Oklahoma’s uninsured rates are high.
The state's overall rate, 14.2% of residents without health coverage, is second-highest in the U.S.
In Tulsa, it’s even higher: 15.7% of residents are uninsured, the ninth-highest rate among large cities.
"I think the specifics were up for grabs, but, overall, this is not something that should be a surprise to any of us," said Oklahoma Policy Institute Policy Director Carly Putnam.
There are several disparities in Tulsa's uninsured rates, too. Black and Latino Tulsans are more likely to be uninsured than whites, and the uninsured rate for Latino residents, 28.3%, is almost double the city's overall rate.
And one in five low-income families in Tulsa lacks insurance, about four times the rate of uninsured higher-income families.
Advocates believe expanding Medicaid would help with Oklahoma and Tulsa’s dismal uninsured rates.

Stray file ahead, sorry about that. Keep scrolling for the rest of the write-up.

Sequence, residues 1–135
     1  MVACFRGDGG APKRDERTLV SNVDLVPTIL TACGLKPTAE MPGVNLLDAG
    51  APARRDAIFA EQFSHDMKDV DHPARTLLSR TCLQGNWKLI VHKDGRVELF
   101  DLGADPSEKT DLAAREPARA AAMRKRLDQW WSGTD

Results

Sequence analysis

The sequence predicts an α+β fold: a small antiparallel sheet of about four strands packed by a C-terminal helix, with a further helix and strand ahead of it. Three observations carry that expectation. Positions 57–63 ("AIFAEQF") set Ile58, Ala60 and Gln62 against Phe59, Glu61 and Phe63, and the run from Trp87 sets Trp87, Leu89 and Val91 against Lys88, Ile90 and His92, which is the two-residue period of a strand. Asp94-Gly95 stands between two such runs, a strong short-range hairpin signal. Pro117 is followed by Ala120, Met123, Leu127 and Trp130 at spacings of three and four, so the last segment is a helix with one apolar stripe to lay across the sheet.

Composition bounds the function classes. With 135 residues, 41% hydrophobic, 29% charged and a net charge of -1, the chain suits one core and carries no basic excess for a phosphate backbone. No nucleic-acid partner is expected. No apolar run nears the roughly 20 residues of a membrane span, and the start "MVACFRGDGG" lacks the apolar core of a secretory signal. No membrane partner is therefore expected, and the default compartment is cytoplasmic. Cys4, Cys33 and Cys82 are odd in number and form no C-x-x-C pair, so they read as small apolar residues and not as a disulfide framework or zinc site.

"More than 30 other states so far have looked at issues with access to health care, with insurance coverage, with health outcomes and recognized that Medicaid expansion is a really effective tool in addressing all of those issues," Putnam said.
"They see more people getting recommended screenings. They see fewer low-birthweight babies. There’s some suggestion out of Michigan that we see fewer instances of child neglect. We see families who are less worried about their finances," Putnam said.
Most of the large cities with worse uninsured rates than Tulsa are in Texas, another state that hasn't expanded Medicaid. San Antonio, Corpus Christi and Arlington, Texas rank below Tulsa, followed by Miami, Florida. Fort Worth, El Paso, Houston and Dallas round out the bottom of the large U.S. city rankings.